For the threshold of 0.1, we reported 81 benign biopsies that could have been avoided. These included 60 masses with well-circumscribed margins, one mass with a microlobulated margin, 18 masses with obscured margins, one mass with an ill-defined margin and with associated calcifications described as coarse, and one mass with a well-circumscribed margin and with associated calcifications described as indistinct.
The study described in this article considered only cases in which biopsies were performed. The actual sensitivity of the mammographers in this database was thus 100%, and their specificity was 0% because every case was biopsied. In a future study, we will include cases in which patients were considered for biopsy but were followed up instead. Some fraction of these patients will have developed cancer that would have been diagnosed had a biopsy been performed earlier. This future evaluation will examine whether the case-based reasoning system would have found any of these malignancies and thus improve the sensitivity of mammography.

Footnotes

The opinions and assertions contained herein are the private views of the authors and are not to be construed as official or as reflecting the views of the Department of the Army or the National Institutes of Health.
Supported by grant R21-CA81309 awarded by the National Cancer Institute, National Institutes of Health, and by grant DAMD17-99-9174 awarded by the United States Army Medical Research Acquisition Activity.
Address correspondence to C. E. Floyd, Jr.

References

1.
Kopans DB. The positive predictive value of mammography. AJR 1992; 158:521-526
2.
Dixon JM, John TG. Morbidity after breast biopsy for benign disease in a screened population. Lancet 1992; 1:128
3.
Helvie MA, Ikeda DM, Adler DD. Localization and needle aspiration of breast lesions: complications in 370 cases. AJR 1991; 157:711-714
4.
Schwartz GF, Carter DL, Conant EF, Gannon FH, Finkel GC, Feig SA. Mammographically detected breast cancer: nonpalpable is not a synonym for inconsequential. Cancer 1994; 73:1660-1665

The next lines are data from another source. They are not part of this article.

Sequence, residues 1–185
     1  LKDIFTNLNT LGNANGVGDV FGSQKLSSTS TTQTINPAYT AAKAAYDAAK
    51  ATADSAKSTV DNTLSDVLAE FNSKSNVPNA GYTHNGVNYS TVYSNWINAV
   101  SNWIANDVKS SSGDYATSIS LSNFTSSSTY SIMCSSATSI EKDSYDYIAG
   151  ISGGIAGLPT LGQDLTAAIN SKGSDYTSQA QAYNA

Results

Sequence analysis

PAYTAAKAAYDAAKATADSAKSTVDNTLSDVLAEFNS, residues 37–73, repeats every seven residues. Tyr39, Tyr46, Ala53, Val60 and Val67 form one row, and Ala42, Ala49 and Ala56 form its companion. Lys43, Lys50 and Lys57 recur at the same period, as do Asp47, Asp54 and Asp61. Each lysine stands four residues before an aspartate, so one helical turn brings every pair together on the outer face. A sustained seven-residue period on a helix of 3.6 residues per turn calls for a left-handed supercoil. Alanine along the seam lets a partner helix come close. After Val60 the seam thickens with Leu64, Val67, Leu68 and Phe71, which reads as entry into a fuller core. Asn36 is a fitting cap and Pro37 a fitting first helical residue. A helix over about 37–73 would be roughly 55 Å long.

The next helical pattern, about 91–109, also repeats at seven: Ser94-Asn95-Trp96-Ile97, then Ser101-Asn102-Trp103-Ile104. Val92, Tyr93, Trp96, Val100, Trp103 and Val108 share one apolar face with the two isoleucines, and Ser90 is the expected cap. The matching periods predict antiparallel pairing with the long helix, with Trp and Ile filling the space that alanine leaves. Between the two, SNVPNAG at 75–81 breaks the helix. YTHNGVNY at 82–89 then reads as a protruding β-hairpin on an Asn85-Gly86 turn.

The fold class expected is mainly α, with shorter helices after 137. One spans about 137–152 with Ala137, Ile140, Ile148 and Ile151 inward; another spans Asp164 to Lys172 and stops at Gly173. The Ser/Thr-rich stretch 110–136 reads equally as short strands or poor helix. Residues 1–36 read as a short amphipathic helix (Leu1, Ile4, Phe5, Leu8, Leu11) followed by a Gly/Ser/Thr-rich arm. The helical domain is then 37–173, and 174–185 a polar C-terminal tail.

5.
Lo JY, Baker JA, Kornguth PJ, Floyd CE Jr. Effect of patient history findings on predicting breast cancer from mammograms using artificial neural networks. Acad Radiol 1999; 6:10-15
6.
American College of Radiology. Breast imaging reporting and data system, 3rd ed. Reston, VA: American College of Radiology, 1998
7.
Baker JA, Kornguth PJ, Lo JY, Floyd CE Jr. Artificial neural network: improving the quality of breast biopsy recommendations. Radiology 1995; 198:131-135
8.
Ciatto S, Cataliotti L, Distante V. Nonpalpable lesions detected with mammography: review of 512 consecutive cases. Radiology 1987; 165:99-102
9.
Hall FM, Storella JM, Silverstone DZ, Wyshak G. Nonpalpable breast lesions: recommendations for biopsy based on suspicion of carcinoma at mammography. Radiology 1988; 167:353-358
10.
Tourassi GD, Floyd CE Jr, Sostman HD, Coleman RE. Artificial neural network for diagnosis of acute pulmonary embolism: effect of case and observer selection. Radiology 1995; 194:889-893
11.
Metz CE. ROC methodology in radiologic imaging. Invest Radiol 1986; 21:720-733
12.
Baker JA, Kornguth PJ, Lo JY, Williford ME, Floyd CE Jr. Breast cancer: prediction with artificial neural network based on BI-RADS standardized lexicon. Radiology 1995; 196:817-822
13.
Getty DJ, Pickett RM, D'Orsi CJ, Swets JA. Enhanced interpretation of diagnostic images. Invest Radiol 1988; 23:240-252
14.
Wu Y, Giger ML, Doi K, Vyborny CJ, Schmidt RA, Metz CE. Artificial neural networks in mammography: application to decision making in the diagnosis of breast cancer. Radiology 1993; 187:81-87
15.
Floyd CE Jr, Lo JY, Yun AJ, Sullivan DC, Kornguth PJ. Prediction of breast cancer malignancy using an artificial neural network. Cancer 1994; 74:2944-2948
16.
Kahn CE Jr, Roberts LM, Shaffer KA, Haddawy P. Construction of a Bayesian network for mammographic diagnosis of breast cancer. Comput Biol Med 1997; 27:19-29

Information & Authors

Information

Published In

American Journal of Roentgenology
Pages: 1347 - 1352
PubMed: 11044039

History

Submitted: January 22, 1999
Accepted: May 3, 2000

Authors

Affiliations

Carey E. Floyd, Jr.
Department of Radiology, Duke University Medical Center, Box 2623, Durham, NC 27710.
Department of Biomedical Engineering, Duke University Medical Center, Durham, NC 27710.
Joseph Y. Lo
Department of Radiology, Duke University Medical Center, Box 2623, Durham, NC 27710.
Department of Biomedical Engineering, Duke University Medical Center, Durham, NC 27710.
Georgia D. Tourassi
Department of Radiology, Duke University Medical Center, Box 2623, Durham, NC 27710.

Metrics & Citations

Metrics

Citations

Export Citations

To download the citation to this article, select your reference manager software.

Articles citing this article

View Options

View options

PDF

View PDF

PDF Download

Download PDF

Media

Figures

Other

Tables

Share

Share

Copy the content Link

Share on social media